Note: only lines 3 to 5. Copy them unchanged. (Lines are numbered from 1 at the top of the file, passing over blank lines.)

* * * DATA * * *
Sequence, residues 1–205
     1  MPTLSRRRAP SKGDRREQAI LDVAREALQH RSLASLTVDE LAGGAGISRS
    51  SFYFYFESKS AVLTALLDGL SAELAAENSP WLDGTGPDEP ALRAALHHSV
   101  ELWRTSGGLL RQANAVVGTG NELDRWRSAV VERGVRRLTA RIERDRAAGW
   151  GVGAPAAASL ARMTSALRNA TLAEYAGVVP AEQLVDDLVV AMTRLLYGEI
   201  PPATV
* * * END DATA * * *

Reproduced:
    51  SFYFYFESKS AVLTALLDGL SAELAAENSP WLDGTGPDEP ALRAALHHSV
   101  ELWRTSGGLL RQANAVVGTG NELDRWRSAV VERGVRRLTA RIERDRAAGW
   151  GVGAPAAASL ARMTSALRNA TLAEYAGVVP AEQLVDDLVV AMTRLLYGEI